Local authorities bring locust plague under control in Mauritania, UN says

26 October 2009

Local emergency control operations in Mauritania have successfully contained a massive outbreak of desert locusts which were threatening to spread north to other countries in West Africa and devastating farmers’ livelihoods, the United Nations Food and Agricultural Organization (FAO) reported today.

Local emergency control operations in Mauritania have successfully contained a massive outbreak of desert locusts which were threatening to spread north to other countries in West Africa and devastating farmers’ livelihoods, the United Nations Food and Agricultural Organization (FAO) reported today.

FAO said that as long as the area avoids being hit by heavy rains the infestations should be eliminated by early December.

“The current situation appears to be under control,” said FAO locust expert Keith Cressman.

“FAO is monitoring the situation extremely closely and will continue to keep countries, the donor community and other stakeholders informed of any significant developments as they arise,” added Mr. Cressman.

Some 17 teams from the National Locust Centre in Mauritania are undertaking survey and control operations against breeding locusts in the west of the country where a serious outbreak developed earlier this month.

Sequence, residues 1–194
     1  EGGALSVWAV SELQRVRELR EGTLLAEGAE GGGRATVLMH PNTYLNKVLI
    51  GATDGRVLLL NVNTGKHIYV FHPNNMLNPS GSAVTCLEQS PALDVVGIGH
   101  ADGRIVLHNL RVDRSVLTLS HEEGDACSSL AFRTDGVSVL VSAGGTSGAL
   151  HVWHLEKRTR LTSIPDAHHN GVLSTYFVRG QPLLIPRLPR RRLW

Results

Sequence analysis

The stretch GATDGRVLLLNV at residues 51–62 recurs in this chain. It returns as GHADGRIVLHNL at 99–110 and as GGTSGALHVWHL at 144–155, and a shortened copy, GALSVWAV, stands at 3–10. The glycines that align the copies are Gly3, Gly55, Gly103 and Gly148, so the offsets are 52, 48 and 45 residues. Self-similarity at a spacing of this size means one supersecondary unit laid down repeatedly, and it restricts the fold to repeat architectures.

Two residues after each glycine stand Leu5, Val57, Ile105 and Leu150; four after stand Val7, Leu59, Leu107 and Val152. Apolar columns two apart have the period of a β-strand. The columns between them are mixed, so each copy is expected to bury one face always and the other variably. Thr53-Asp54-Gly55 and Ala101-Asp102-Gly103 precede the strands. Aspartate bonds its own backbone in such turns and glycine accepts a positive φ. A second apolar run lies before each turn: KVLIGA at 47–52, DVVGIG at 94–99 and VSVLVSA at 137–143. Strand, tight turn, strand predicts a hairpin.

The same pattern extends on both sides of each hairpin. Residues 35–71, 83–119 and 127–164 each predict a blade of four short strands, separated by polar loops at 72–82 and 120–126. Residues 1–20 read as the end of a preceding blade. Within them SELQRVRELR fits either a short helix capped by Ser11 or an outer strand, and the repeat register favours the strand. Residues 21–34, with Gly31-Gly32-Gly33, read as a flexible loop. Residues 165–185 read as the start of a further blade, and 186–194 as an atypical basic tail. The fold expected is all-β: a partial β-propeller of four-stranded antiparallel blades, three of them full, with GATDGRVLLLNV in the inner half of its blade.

The new hatchlings are gathering together to form small but dense groups making good targets for the control teams, which have treated more than 2,100 hectares since operations began on 11 September.

FAO said that the current invasion of locusts is small than the outbreak in 2003, which led to a regional plague from 2004 to 2005, which ravaged vast quantities of crops and threatened widespread starvation.

“All countries within the region are much better prepared than in 2003 and have sufficient resources in place to bring the current situation under control,” said FAO, noting that the slim chance of unusually heavy rains falling within the next six weeks could put the area at risk again in December.

FAO is slated to hold an expert meeting in Mauritania next week to assess the situation and to develop short and mid-term action plans to prevent the situation reoccurring.

 

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